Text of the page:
Today, I shall be reviewing ‘The Dragon Masquerade’, a prequel story to the ‘Twokinds’ webcomic by Tom Fischbach.
The webcomic itself runs weekly at http://twokinds.keenspot.com/ and, depending on who you speak to, is either a fun little excursion into the world of furry webcomics, or is a stain on the web. You see, it is the opinion of some readers that what began as an interesting concept quickly descended into a mix of racism, furry fan service and bland art littered with anime clichés. Personally, I think that cries of racism are misguided. Yes, the webcomic contains a hefty dose of racial conflict, but this is clearly portrayed as a negative thing. The art style does indeed have some anime edges, but this is part of what brought the webcomic to my attention, and so this does not have to be seen as a negative. As to the fan service … well, we’ll get to that.
Background: While the webcomic deals primarily with an amnesiac human named Trace Legacy, ‘The Dragon Masquerade’ focuses on the popular supporting character, Natani, and her brother Zen. Six months prior to the story, Natani’s mind had been damaged. In an effort to save her, Zen allowed a mage named Prince Clovis to merge their souls. Now, with the Prince threatening to reveal Natani’s gender to their guild (women are not allowed to join guilds in this world), the pair have agreed to steal a mystical artefact in return for their freedom.
The Good: Given the current low price that the comic is available for ($1.99 – $5.99, depending on format) on http://www.indyplanet.us/product/112367/, this if remarkably good value for money. The print is clear, the paper is high quality, and at 32 full colour pages in length you certainly feel that you’re getting your money’s worth. Character designs are kept simple, and that really is something that should be praised. Rather than litter the anthros with a host of overly busy markings, those present are well placed and stray closer to realism than extravagance. That’s not to say that fursonas with unique designs are bad of course, it’s just that from a comic standpoint I personally find that the simple stylings of the book are less distracting.
Now, the webcomic can indeed fall prey to the trappings of fan service. By which I mean that there are at times boobs on display. This is not as regular an occurrence as you would be led to believe (certainly in more recent times), but it is certainly present. This particular print comic will no doubt be criticised for the same thing, but I feel that it would be prudent to point out how little this happens here: three panels. That’s right, a whopping three panels where a female character is front on, topless and drawn in low detail. If anything, there are far more nude shots of males in the comic, but even then there isn’t exactly anything to show.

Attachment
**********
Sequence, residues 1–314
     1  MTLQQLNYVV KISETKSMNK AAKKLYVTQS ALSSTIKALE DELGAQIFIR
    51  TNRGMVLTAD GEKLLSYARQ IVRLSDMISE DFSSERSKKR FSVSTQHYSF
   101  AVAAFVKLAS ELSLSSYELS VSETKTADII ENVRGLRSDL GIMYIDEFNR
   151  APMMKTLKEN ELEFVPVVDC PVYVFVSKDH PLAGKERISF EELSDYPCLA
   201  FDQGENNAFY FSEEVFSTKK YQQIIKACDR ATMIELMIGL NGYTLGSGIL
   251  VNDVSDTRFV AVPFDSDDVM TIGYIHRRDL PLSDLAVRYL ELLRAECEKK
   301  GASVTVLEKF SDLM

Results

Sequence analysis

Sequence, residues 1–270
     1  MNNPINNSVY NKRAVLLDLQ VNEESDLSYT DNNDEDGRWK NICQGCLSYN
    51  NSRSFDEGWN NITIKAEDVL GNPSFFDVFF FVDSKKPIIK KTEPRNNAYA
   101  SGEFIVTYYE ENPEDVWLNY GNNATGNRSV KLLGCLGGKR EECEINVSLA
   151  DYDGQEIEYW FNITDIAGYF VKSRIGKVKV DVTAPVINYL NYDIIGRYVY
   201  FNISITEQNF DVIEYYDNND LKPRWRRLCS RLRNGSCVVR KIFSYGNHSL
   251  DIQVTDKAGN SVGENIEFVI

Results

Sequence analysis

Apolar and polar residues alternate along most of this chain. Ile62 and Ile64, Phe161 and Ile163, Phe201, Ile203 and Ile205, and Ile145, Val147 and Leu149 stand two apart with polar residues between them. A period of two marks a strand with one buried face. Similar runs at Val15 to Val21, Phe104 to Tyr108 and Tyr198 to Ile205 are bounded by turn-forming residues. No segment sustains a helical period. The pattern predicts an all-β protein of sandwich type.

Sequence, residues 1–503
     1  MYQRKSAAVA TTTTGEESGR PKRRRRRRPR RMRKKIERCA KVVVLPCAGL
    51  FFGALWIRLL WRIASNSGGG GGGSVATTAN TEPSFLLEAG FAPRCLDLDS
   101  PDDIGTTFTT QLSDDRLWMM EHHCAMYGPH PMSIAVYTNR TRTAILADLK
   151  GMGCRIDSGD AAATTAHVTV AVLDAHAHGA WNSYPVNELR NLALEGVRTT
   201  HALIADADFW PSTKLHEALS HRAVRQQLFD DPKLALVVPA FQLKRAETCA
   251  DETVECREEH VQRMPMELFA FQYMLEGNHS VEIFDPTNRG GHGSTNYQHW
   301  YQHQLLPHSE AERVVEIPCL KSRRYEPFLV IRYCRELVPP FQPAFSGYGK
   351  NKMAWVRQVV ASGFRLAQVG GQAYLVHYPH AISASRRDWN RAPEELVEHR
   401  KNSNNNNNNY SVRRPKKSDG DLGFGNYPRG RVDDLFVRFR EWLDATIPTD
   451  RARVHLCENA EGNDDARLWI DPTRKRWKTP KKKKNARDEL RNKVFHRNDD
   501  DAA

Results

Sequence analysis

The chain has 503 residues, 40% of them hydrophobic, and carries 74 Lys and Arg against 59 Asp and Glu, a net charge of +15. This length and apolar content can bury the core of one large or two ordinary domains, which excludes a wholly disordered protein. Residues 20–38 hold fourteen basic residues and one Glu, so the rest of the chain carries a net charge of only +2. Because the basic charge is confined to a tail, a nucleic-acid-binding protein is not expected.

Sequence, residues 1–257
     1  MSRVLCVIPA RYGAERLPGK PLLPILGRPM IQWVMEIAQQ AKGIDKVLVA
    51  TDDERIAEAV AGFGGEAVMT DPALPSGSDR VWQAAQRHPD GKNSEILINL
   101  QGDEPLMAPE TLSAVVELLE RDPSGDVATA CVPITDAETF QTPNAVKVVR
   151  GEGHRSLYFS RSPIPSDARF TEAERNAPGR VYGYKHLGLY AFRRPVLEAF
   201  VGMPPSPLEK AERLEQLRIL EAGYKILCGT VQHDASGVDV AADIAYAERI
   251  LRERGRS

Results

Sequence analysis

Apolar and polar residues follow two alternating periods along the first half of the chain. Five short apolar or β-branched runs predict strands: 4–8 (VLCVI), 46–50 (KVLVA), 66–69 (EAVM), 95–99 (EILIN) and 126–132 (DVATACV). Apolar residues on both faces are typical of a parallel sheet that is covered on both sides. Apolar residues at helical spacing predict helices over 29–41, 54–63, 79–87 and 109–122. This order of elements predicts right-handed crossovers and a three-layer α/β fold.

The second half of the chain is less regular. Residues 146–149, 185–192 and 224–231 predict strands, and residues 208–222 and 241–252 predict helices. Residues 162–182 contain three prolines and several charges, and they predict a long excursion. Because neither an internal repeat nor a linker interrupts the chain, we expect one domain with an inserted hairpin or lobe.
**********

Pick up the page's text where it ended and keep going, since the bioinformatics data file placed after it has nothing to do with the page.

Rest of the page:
From a story standpoint, the comic is a great deal of fun. The masquerade setting allows for some interesting situations for the characters to find themselves in, and it’s good to see some more backstory for Natani. The dragon, Lady Nora, is suitable visualised as a being of great power and the more playful side of her nature comes through nicely towards the end of the book, adding to the fun in the process. Perhaps in response to the vocal detractors, there’s also an undertone of the different races successfully coming together, even if it is only for one night.
The Bad: While the story maintains a decent pace and an air of fun throughout, the script can feel a little clunky at times. This isn’t an issue that applies only to Indie Comics mind you, so it would be harsh to heap too much criticism on it for this. There will no doubt be cries of sexism for the way women are treated in respect of guild membership, but it is worth noting that this is not portrayed as a positive part of society. The length of the comic does mean that how much can be fit in to the story is limited too. In some way, this could be seen as a good thing as it means that the story isn’t given the chance to drag on longer than is necessary, but at the same time it means that things are dealt with in quick order when a little more detail would be nice (this isn’t based on individual instances in the tale, but rather a general feel for me).
From an art standpoint, the comic is for the most part quite strong. The only real issue is that the facial (and muzzle) expressions on display are not hugely varied and this is far more noticeable because of the simple style of the art.
The fan service that does appear, while not prevalent, will no doubt cause some concern for some and not for others. Due to the low levels, that will likely come down to your own personal views of such things both in general and in how it pertains to humanoid wolves and the such-like. If you either aren’t particularly bothered by anthro stuffs or you feel that the low levels will be sufficient to make it less of an issue, you’ll be fine.
Final View: Much like the source webcomic, ‘The Dragon Masquerade’ is not without its problems. Despite this though, it manages to be a good quick read that serves as both a strong introduction to Natani for new readers and an enjoyable interlude for long term fans of the series. In short, you could do far worse than give the book a shot.
Final Score: 4 / 5
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